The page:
I do this to myself. I get asked to do something and I am flattered and I say yes.
Two winters ago I signed up for a program called Great Decisions. It's a national program for groups to read about and discuss foreign affairs issues. I knew very little about foreign affairs but I was curious to learn, so I went. I had to give a presentation - lead a topic discussion, that is - and I was very scared, like I'd signed up for a class but never had gone and was now heading for the final. I felt like an impostor. But Dick, the facilitator, asked me after that meeting if I would be the facilitator for the group for the next year. So I did that. And now I am doing it again. I still don't know much about foreign affairs. But coordinating a group, from signups to assignment of topics, to juggling the doctor appointments of presenters, to planning a season-end potluck, takes some time. Fortunately, I'm good with details. And the people in my group seem to like what we do. But it's no longer flattering. Just annoying sometimes.
I'm also in this discussion group called Reimagining God. It's mostly people who were in churches and left them or people who never had much religion. This group is mostly liberal in politics and spirituality and I like going because I have my own spiritual-but-not-religious thoughts and I'm interested in hearing about the opinions of others. So this year, the woman (a retired Methodist minister) asked me if I'd be on the steering committee for the group to format and guide the discussions. I was flattered and I said yes. Now I find myself doing a little mediation as ideas not held in common get discussed. I know I'm needed, but it's a little different from what I had in mind.
Those annoying things are of my making, but this last thing is not. We paid $80 to go on a tour at dusk last Friday to watch the sandhill cranes coming in from the fields for the night. Thousands of these birds winter in the area about 80 miles east of us. We went on the tour, but we spent our time near a lake watching other birds, and then at an observation deck watching the cranes from a distance. Then we came back 45 minutes before the tour was supposed to end, without ever going to see where the cranes came in to roost in the evening. It was like the tour guides forgot to take us there. When we got back to the administration center I complained - politely. I told the lady we wouldn't have paid for a tour that didn't include the dusk viewing. So the head of the Wings Over Willcox festival is going to call me in the next day or so. I'm hoping for a refund. Then we'll go over there on our own and watch the cranes.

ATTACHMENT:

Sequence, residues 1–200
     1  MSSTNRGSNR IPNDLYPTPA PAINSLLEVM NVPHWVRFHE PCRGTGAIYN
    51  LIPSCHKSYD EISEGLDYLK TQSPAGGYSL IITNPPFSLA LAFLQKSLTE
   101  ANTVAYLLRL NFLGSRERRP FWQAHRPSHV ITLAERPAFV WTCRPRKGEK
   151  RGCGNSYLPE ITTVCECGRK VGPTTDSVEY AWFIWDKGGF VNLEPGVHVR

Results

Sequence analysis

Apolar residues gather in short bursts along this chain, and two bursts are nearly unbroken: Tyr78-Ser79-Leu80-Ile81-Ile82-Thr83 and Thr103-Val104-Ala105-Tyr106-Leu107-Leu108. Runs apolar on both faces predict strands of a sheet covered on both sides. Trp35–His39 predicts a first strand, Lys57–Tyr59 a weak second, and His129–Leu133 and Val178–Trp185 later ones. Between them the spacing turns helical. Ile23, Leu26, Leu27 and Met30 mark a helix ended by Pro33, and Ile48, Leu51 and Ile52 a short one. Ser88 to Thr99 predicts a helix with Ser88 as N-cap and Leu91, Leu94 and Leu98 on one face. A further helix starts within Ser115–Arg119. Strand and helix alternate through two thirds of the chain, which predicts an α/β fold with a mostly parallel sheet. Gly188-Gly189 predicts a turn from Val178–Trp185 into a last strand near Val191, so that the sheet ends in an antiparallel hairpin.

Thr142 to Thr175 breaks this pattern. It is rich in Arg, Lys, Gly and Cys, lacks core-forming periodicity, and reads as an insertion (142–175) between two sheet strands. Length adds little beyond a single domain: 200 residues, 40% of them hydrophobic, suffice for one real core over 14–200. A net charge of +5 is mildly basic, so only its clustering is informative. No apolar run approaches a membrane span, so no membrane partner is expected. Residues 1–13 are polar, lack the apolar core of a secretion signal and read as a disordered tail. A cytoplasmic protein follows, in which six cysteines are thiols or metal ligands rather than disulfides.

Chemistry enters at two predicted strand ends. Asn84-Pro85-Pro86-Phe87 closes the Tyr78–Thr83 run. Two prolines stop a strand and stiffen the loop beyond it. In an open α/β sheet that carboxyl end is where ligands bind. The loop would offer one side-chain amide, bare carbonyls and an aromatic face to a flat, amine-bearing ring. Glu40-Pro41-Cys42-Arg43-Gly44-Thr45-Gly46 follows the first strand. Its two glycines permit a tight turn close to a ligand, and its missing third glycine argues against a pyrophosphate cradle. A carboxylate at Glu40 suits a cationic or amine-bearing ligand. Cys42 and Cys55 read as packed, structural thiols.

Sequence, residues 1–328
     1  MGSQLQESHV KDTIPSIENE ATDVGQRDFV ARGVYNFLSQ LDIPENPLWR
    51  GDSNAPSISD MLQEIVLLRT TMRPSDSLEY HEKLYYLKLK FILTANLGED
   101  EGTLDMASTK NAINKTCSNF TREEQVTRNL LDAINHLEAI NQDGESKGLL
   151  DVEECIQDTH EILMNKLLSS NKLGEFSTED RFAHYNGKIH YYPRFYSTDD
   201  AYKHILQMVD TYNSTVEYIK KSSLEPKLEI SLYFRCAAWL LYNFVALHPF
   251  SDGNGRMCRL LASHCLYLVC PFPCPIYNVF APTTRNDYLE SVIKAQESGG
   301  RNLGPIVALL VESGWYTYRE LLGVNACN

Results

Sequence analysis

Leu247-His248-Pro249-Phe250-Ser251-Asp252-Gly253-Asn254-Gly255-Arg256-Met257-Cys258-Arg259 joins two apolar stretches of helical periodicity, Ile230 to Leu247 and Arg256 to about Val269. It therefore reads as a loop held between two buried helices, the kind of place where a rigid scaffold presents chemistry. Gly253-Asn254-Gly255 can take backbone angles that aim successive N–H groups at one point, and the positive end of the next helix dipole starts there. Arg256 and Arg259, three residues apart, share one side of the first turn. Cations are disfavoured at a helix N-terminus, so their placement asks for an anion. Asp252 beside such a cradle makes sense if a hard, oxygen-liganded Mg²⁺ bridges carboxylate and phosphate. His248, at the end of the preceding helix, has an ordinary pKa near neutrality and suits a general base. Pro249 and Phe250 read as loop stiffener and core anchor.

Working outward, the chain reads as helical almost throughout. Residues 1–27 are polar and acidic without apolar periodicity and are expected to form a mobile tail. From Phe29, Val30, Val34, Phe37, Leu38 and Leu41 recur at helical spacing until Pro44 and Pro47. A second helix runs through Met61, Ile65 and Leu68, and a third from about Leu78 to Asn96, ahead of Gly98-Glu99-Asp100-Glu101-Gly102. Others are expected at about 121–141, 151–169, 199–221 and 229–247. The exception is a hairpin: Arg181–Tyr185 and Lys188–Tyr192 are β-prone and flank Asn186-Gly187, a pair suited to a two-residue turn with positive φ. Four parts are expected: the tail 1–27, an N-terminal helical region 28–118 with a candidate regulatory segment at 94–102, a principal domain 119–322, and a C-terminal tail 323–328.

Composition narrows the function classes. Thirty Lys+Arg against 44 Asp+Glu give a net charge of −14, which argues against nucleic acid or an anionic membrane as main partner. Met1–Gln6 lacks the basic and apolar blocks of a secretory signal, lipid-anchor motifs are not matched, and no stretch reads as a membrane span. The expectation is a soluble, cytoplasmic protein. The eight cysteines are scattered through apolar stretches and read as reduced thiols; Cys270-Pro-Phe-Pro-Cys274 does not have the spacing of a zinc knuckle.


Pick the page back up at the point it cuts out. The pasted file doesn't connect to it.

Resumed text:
And in the Just Plain Fun category? When we're home in Washington, we rarely have anyone knock on our door. Usually I meet friends for coffee or email or text. Here in Arizona, people just knock on the door. "Hello?" It might be our friend Judy wanting to know if we'd like to go to dinner and a movie, or our neighbor Barb offering a start from the plants she picked up yesterday at the nursery, or our old friends Ann and Larry stopping by to let us know they've arrived at the resort. Things are quite spontaneous here. Last night we did go to dinner and a movie with Judy and her husband Ken. We saw "Wild". It was the first movie we've seen in a theater since last February, when we went with Judy and Ken to see "Nebraska".
This week we will be planting spinach and lettuce and peas and radishes in a tiny garden in back of our park model. We'll eat them by April when we go home. And in May we'll plant the same things in our garden at home. Like Groundhog Day!
Life here has a light touch.
Small Town, Big News
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